Hormel Foods Corp.’s latest profit fell 19%, slightly more than investors expected, but its sales soared as consumers forced to stay home by the spread of coronavirus stocked up on the company’s bacon, turkey, peanut butter and other products.
The company said its operating expenses surged by $20 million in the February-through-April period, the second quarter of its fiscal year, because of costs related to the virus. Those include higher wages for its hourly paid workers and enhanced safety measures in its plants.
Hormel executives said they expect costs — driven by COVID-19 — to be about $30 million to $40 million above previous expectations for each of the next two quarters.
“We are going to have [personal protective equipment] costs, whether it’s masks, face shields or dividers,” Hormel CEO Jim Snee said in a conference call with analysts. “Those things are going to be there on a permanent basis.”
Hormel’s profit drop in part reflected a difficult comparison against a year-ago period when the Austin, Minn.-based firm experienced gains from the sale of some businesses. Eliminating the effect of that one-time gain, Hormel’s profit fell 8.5% in the latest quarter.
Hormel said it gained market share in stores that were flooded with shoppers in March and April as stay-home orders across the U.S. drove a broad shift in food consumption.
Organic net sales, reflecting products Hormel currently owns, were up 20% in the company’s grocery product segment, led by huge gains for Skippy peanut butter and canned goods like chili and Spam.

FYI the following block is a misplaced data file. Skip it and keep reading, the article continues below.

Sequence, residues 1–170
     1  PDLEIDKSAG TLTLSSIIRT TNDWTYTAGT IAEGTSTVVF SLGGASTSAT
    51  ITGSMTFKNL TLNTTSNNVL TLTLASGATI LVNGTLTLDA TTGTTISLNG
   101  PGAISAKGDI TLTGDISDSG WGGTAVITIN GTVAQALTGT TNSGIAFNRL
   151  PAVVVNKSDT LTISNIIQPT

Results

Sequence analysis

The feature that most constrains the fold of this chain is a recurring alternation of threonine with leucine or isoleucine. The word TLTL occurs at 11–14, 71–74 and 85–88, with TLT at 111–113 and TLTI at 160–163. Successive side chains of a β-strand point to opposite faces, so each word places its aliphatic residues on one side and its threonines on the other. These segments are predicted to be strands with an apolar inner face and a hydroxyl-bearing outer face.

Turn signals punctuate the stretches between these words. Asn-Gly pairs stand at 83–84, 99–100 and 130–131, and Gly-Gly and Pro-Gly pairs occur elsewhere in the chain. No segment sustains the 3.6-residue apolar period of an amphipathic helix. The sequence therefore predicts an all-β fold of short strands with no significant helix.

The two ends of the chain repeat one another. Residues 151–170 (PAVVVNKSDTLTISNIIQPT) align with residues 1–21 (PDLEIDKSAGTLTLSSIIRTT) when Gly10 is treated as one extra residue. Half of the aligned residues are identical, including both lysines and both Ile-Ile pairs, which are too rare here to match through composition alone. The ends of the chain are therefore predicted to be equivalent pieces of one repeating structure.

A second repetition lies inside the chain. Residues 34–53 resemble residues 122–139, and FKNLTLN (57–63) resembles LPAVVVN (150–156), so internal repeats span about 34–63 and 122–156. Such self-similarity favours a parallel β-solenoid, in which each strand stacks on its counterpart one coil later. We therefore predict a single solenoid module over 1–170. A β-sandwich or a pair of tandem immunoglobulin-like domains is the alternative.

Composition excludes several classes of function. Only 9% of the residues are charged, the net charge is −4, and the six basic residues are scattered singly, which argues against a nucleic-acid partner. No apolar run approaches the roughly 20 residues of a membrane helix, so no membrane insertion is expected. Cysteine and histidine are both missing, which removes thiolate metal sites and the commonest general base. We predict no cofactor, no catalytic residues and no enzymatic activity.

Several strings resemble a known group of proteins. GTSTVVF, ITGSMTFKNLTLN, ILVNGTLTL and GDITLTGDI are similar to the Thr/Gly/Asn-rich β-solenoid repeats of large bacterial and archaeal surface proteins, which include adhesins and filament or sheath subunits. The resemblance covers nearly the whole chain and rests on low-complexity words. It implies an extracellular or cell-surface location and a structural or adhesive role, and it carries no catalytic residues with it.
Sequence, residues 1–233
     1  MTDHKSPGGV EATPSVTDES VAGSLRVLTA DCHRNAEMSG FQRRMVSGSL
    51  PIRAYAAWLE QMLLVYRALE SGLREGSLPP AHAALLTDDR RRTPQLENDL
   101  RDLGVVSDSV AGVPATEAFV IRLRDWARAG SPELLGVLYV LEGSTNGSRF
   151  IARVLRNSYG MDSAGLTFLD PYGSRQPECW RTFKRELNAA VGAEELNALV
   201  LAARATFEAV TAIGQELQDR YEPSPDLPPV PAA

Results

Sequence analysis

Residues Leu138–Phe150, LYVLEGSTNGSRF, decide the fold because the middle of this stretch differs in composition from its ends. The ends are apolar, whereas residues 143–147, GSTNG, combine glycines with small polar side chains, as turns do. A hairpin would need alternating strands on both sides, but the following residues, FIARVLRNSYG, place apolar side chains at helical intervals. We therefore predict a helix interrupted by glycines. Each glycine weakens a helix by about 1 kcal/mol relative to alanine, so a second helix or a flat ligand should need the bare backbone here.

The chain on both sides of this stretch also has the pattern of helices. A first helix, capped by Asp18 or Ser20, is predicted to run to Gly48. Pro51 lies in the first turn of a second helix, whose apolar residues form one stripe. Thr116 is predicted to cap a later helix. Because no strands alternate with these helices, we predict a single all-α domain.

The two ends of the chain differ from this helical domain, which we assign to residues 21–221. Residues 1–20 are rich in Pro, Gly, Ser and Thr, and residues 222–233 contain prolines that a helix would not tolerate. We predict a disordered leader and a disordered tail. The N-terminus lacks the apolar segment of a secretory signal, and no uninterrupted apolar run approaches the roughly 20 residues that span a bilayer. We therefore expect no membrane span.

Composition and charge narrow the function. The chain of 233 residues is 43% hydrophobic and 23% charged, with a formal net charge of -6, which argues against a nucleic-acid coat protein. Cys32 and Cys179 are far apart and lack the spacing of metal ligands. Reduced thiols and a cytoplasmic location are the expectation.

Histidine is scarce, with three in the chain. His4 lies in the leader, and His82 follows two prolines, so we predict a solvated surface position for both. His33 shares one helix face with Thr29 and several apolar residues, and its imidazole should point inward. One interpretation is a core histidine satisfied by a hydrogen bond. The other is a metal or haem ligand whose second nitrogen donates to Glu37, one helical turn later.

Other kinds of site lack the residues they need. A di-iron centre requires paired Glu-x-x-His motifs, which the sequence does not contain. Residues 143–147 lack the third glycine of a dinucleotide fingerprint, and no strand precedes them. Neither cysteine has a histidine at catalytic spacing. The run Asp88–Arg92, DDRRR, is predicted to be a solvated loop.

“We experienced exceptional growth from really every [grocery] brand,” Snee said. He added that Spam, “a brand that is over 80 years old, is probably more relevant today than it has ever been.”
Sales of Hormel’s Jennie-O turkey products rose 12% in the second quarter, while turkey profits soared 54%. But Jennie-O more recently has been contending with a coronavirus-driven disruption.
In late April, three turkey-processing plants in Minnesota were idled after several workers tested positive for COVID-19. The plants, two in Willmar and one in Melrose, were down for 10 to 18 days.
The virus had a complicated effect on Hormel’s refrigerated-foods segment, which includes its brand-name bacon and many other pork products. Consumer sales soared, but its total organic net revenue was still down 3% and its operating profit dropped 17%.
That’s because the refrigerated business relies more heavily on restaurants and public institutions, where demand plunged as businesses and schools closed.
Still, the worst appears to over as states increasingly open their economies. “We are starting to see orders pick up across our food-service business,” Snee told analysts.
The company said it earned $227.7 million, or 42 cents a share, in the three months ended April 26. The consensus of investment analysts before the report was Hormel would produce a profit of 43 cents a share. A year ago, it earned $282.4 million, or 52 cents a share.
Revenue was $2.42 billion, up 3.3% from $2.34 billion a year ago.
Hormel’s stock closed Thursday down 4.1%.